Ex Parte Barrego, APPEAL 2016-006527 (PTAB January 2018). Barrego’s claim is directed to a roofing underlay with a number of features including “a pattern having the appearance of a shingled roof printed on at least one surface of the underlayment.” Here, the PTAB affirmed the indefiniteness rejection — finding that “one of ordinary skill would [not] be able to determine definitely whether many particular underlayment patterns do or do not have the appearance of a shingled roof.” The patentee had referred the examiner to the submittted drawings:
In Ex Parte Limbert, APPEAL 2017-008680 (PTAB 2018), the Board sided with the applicant on an indefiniteness rejection – holding that the claimed range for squirting out hand-hygiene gel ‘generally limited to a predetermined zone of interest’ was sufficiently definite despite a lack of definition of how much leeway the “generally limited” provides.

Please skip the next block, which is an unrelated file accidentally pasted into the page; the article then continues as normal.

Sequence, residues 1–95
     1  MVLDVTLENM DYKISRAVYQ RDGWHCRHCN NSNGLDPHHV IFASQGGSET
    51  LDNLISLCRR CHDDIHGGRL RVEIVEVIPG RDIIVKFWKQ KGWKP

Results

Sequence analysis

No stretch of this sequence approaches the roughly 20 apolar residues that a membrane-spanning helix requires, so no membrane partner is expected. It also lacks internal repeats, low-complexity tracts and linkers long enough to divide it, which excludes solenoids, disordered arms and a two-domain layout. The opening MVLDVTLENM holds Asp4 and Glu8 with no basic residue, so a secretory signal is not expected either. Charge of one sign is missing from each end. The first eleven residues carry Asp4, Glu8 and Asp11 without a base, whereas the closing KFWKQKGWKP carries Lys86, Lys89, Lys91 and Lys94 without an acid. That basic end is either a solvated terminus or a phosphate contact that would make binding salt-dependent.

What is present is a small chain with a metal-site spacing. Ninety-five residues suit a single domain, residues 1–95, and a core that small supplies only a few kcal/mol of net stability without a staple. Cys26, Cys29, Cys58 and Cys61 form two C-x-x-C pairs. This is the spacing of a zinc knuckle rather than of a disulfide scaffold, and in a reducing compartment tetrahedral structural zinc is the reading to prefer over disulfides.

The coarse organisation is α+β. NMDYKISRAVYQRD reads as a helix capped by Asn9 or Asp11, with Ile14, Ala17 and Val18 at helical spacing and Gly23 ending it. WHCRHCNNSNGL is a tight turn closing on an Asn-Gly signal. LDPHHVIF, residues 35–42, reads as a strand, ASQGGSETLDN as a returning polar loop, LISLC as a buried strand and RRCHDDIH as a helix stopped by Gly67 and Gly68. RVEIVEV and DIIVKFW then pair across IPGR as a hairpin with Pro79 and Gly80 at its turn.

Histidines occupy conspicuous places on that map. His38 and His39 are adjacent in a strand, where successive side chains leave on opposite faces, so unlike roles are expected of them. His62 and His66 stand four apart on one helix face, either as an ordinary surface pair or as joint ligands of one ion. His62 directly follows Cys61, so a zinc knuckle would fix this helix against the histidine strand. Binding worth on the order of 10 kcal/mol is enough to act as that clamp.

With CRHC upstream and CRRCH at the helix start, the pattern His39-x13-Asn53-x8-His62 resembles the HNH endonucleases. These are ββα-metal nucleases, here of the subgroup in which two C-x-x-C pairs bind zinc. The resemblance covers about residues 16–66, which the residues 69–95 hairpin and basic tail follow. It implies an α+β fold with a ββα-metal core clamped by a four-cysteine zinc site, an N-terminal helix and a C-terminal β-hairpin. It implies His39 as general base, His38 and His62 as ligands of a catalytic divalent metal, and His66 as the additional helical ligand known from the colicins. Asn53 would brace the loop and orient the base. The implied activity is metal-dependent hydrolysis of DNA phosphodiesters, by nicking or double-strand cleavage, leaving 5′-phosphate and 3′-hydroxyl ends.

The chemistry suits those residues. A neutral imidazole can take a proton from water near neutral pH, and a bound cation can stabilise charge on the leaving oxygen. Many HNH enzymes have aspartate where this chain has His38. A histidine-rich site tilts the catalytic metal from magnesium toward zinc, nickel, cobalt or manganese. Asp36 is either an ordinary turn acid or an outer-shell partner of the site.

Finally in Ex Parte Gibbons, APPEAL 2016-005386 (PTAB 2018), the examiner had applicants’ claim for a nursing cover-up because the requirement of “a length that extends to at least the mother’s waist” would vary depending upon the waist length of a mother – and thus is indefinite as a measure. For this principle, the examiner cited MPEP 2173.05 (b) II (“a claim may be rendered indefinite by reference to an object that is a variable”). On appeal, the PTAB sided with the applicants – holding (1) the variable => indefinite statement from the MPEP is not a per-se rule; and (2) in this case a person of skill in the art will know how to make garments “to accommodate various body types is known in the art.”